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D.C. Streetcar Finally Opens

What you need to know now that it's here

With a marching band from the Eastern High School beside her and cheers from the crowd, Mayor Muriel Bowser said, "Thank you for your patience," this past Saturday. She of course was referring to the amount of patience the District had to endure while witnessing the H Street streetcar face over a year of test runs, over 10 years of planning and missed deadlines, and over $200 million spent funding the project.

Despite all this, it all seemed worth it once Bowser exclaimed, "Let's ride," with the public following behind her to the four trams lined up.

Despite the positive opening, the streetcar did experience a few mishaps. According to Washington City Paper, the door of one of the streetcars had a tough time opening when riders pressed the "open button." Another streetcar hit a curb and later needed repairs.

One rider also spilled their coffee on one of the streetcars. Woops.

Also, you should maybe feel comfortable touching knees with strangers if you want to ride the line.

If interested in riding the red vehicles on your next trip to H Street NE, don't worry about carrying any change. There is no fee to ride the streetcar—at least for the next six months or so.

If you want to get somewhere quickly and don't feel like taking the bus, maybe opt for the bus instead of the streetcar. The Washington Post reported that the average speeds of a streetcar is 12 to 15 miles per hour.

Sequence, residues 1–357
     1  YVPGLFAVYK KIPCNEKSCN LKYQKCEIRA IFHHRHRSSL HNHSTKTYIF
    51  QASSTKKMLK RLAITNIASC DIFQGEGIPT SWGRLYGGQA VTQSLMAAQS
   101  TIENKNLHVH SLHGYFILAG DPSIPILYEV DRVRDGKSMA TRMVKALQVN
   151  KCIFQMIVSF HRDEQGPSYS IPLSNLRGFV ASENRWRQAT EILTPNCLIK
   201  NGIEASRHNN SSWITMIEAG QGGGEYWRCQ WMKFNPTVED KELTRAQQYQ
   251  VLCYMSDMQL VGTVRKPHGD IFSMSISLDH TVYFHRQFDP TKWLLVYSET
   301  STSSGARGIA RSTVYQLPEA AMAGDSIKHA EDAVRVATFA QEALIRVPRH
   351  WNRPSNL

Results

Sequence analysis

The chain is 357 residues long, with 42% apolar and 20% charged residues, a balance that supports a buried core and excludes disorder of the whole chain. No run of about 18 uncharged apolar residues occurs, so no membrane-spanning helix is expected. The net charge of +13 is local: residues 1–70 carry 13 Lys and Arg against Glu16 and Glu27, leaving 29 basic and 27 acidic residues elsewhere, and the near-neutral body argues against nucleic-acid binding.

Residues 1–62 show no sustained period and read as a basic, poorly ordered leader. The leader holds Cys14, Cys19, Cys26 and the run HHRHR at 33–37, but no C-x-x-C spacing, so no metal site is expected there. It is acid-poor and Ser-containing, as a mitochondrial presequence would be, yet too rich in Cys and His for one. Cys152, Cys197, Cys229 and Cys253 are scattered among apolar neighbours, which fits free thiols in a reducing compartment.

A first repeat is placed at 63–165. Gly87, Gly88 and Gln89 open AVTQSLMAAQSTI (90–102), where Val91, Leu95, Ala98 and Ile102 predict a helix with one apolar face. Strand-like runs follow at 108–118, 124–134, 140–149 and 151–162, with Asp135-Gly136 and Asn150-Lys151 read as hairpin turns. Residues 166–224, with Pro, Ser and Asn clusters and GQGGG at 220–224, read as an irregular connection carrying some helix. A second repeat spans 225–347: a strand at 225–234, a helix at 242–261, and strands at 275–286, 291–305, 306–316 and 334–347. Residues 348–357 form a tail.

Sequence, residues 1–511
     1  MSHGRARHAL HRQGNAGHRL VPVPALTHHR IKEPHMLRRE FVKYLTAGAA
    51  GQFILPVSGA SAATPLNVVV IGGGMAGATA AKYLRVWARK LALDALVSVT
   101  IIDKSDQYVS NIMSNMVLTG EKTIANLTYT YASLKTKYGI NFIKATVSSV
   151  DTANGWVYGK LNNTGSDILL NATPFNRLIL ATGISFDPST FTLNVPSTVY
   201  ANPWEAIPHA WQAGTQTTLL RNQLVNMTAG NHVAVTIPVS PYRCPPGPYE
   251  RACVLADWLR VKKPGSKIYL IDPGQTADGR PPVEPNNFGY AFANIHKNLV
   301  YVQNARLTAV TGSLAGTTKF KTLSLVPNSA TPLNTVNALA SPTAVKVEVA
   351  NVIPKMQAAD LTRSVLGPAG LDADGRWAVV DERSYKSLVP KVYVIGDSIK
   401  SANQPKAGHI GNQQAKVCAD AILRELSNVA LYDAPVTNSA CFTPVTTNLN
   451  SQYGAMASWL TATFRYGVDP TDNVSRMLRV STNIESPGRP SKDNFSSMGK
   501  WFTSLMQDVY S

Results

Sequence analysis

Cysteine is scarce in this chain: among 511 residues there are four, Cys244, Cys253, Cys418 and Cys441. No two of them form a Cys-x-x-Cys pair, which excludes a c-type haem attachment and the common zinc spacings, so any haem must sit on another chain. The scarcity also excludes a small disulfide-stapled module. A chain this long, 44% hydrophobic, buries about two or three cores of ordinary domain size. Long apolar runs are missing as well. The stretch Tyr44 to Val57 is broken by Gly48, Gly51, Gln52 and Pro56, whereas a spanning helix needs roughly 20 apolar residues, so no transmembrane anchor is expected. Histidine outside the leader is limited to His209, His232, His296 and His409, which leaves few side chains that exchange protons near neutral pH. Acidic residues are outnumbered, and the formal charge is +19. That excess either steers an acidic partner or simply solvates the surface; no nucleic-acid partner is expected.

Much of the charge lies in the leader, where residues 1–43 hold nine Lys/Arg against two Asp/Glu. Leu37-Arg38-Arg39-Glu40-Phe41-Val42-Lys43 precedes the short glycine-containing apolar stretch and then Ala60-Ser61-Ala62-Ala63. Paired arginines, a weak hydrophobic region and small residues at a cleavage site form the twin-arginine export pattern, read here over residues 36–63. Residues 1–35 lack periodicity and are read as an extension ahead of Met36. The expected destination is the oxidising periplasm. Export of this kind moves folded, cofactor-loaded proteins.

From Monday through Thursday, the streetcars run from 6 a.m. to midnight, while on Friday they run from 6 a.m. to 2 a.m., and then on Saturdays, the hours are from 8 a.m. to 2 a.m.

At each stop, expect a streetcar every 15 minutes, depending on the traffic or the weather. The line is also closed on Sundays.

There are eight total stops: behind Union Station/Hopscotch Bridge; at 3rd and H streets NE; 5th and H streets NE; 8th and H streets NE; 13th and H streets NE; Benning Road and 15th Street NE; Benning Road and 19th Street NE; and Benning Road and Oklahoma Avenue NE.

A full round-trip, starting at the Oklahoma Avenue Stop, takes roughly 45 minutes, according to Washington City Paper.

Expect more changes to come to the streetcar. Bowser still hopes to further extend the 2.2-mile line to Georgetown.

Until then, be sure to read all of the rules and regulations you need to know before you hop on one of the streetcars.

D.C. streetcar debuts, ‘feels like magic’ [Washington Business Journal]

Overheard at the D.C. Streetcar’s Grand Opening on Saturday [Washington City Paper]

DC Streetcar's exuberant opening day, in photos and video [Greater Greater Washington]

Want to ride the D.C. streetcar? Here's a handy FAQ. [The Washington Post]